A novel engineering design for early diagnosis of breast cancer

During their lifetimes, one in eight women will be diagnosed with breast cancer. It is the number one killer of women aged between 40 and 55. Each year, two million new cases of breast cancer are diagnosed and, depending on the country, more than 40% of these women will die from the disease. There is some hope, though. If diagnosed early enough, breast cancer can be treated successfully.

Mammography - taking X-ray images of the breast - has been around since the 1960s and over the past 30 years screening mammography has saved many lives. Although it is considered the gold standard for screening, the technique does have one major drawback: it fails to detect early stage cancers located in dense breast tissue. This is a major problem since 40% of women have dense breasts and a missed diagnosis, known as a false negative, can have devastating consequences for the women concerned. It can take a further year or two before the cancer is detected, during which period the tumour may have grown rapidly in size and perhaps metastasised to other regions of the body. Not only will the treatment costs have escalated steeply, the prognosis for a successful outcome will have diminished significantly. The key to success, therefore, is early detection.

An ultrasound is an imaging modality that has been in clinical use for over half a century and, although lacking the spatial resolution of X-rays, it can penetrate dense breast tissue and thus detect malignant tumours. Recent research has shown that the addition of automated breast ultrasound as an adjunct to full-field digital mammography leads to a significant improvement in the percentage of true positive diagnoses.

However, this approach requires two separate imaging systems, increasing the cost substantially and requiring significantly extra time to capture the two separate sets of images.

CapeRay has developed a novel engineering design that combines the best of low dose X-rays and 3D ultrasound into a single device. This breakthrough technology thus co-registers the images from the two imaging modalities, significantly improving diagnostic accuracy in dense breasts. This innovative solution has been built on a platform known as the PantoScanner that will be produced in two models: a dual-modality system known as Aceso (the Greek goddess of healing) that integrates full-field digital mammography (FFDM) and automated breast ultrasound in one instrument; and an entry-level system known as Soteria (the Greek goddess of deliverance from harm) that is a standard FFDM device.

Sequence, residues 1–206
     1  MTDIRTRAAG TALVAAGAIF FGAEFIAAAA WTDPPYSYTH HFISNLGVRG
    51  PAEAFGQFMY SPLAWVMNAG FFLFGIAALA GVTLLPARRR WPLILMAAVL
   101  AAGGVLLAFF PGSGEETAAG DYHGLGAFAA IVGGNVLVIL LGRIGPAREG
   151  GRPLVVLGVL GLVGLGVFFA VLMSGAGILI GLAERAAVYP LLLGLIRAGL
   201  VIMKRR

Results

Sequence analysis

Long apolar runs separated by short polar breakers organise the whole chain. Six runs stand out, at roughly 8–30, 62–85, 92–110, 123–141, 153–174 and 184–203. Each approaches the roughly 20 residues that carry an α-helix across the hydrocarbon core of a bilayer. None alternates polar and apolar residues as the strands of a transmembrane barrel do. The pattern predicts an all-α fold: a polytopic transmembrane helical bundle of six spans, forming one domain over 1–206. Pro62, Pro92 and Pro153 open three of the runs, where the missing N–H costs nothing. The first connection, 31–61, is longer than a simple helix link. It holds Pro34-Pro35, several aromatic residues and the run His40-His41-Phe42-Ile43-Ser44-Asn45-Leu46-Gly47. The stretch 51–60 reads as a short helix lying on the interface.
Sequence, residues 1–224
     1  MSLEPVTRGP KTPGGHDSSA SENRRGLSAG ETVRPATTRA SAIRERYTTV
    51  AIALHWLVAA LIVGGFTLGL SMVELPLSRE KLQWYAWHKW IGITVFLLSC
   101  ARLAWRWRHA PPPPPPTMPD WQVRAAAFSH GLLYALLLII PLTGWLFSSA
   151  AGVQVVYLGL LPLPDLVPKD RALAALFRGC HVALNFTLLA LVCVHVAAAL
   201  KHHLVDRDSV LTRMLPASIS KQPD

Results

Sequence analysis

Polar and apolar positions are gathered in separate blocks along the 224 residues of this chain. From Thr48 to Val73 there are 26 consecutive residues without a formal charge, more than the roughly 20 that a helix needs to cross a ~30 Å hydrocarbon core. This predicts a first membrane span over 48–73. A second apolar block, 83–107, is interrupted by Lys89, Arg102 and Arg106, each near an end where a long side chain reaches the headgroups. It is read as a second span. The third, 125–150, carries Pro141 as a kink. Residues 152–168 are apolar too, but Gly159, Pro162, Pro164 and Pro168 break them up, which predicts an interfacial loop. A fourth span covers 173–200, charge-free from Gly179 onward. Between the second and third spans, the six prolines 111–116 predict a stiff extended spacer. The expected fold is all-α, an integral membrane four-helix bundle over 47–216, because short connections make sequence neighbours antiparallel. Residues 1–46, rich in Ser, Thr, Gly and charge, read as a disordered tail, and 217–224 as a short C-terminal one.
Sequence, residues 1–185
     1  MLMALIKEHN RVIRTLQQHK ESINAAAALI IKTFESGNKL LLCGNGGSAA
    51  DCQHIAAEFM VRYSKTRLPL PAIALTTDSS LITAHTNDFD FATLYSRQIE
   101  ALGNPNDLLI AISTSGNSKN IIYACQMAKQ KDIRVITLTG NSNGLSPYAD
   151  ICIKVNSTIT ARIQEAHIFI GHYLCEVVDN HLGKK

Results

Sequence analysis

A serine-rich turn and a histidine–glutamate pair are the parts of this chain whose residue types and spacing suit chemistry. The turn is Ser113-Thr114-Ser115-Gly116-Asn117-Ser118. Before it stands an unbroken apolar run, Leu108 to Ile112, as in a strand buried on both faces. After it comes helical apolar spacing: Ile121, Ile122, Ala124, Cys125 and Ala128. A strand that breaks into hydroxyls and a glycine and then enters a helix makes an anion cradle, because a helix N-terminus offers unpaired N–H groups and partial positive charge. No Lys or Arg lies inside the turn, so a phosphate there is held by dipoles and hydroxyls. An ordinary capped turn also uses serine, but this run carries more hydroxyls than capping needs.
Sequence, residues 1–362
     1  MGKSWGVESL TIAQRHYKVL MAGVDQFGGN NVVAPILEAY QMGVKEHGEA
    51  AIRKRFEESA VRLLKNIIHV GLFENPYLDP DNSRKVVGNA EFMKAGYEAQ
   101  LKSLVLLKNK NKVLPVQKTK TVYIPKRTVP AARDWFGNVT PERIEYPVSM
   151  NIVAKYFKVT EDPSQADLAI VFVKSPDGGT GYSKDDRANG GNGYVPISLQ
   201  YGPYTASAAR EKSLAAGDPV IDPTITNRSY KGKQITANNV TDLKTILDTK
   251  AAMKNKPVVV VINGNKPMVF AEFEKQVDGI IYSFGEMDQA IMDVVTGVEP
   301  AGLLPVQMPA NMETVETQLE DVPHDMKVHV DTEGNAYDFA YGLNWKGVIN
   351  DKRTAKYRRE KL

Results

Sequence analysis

CapeRay owns various pieces of intellectual property, including a US patent for digital tomosynthesis (creating a 3D image of the breast using X-rays), and a design patent in the US and EU for a patient handle, while there are three patents pending in the UK, US and EU for its dual-modality technology that enables the fusion of X-rays and ultrasound.

To date, CapeRay has secured ISO 13485 certification, a CE Mark for its Pandia digital X-ray camera, and completed a successful clinical trial of its Soteria system at the world-renowned Groote Schuur Hospital. In addition, CapeRay’s engineers and medical collaborators successfully tested the breakthrough Aceso model in a clinical trial at the University of Cape Town in April 2014. By early 2015, the company will be ready to submit the technical files for Aceso and Soteria to its Notified Body, securing the CE Mark for both these products. FDA Approval in the US will follow later in 2015.

CapeRay management has been in discussions with various strategic international partners that will enable the company to bring its innovative platforms to market. Once the Aceso and Soteria systems have been widely deployed in breast centres, they will enable CapeRay to make a meaningful contribution to the successful treatment of South African women as well as women around the world.

Dr Kit Vaughn is the chief executive of Cape Ray

This article is part of a larger supplement. This has been paid for by the M&G‘s advertisers and the contents signed off by the organisers of the Innovation Summit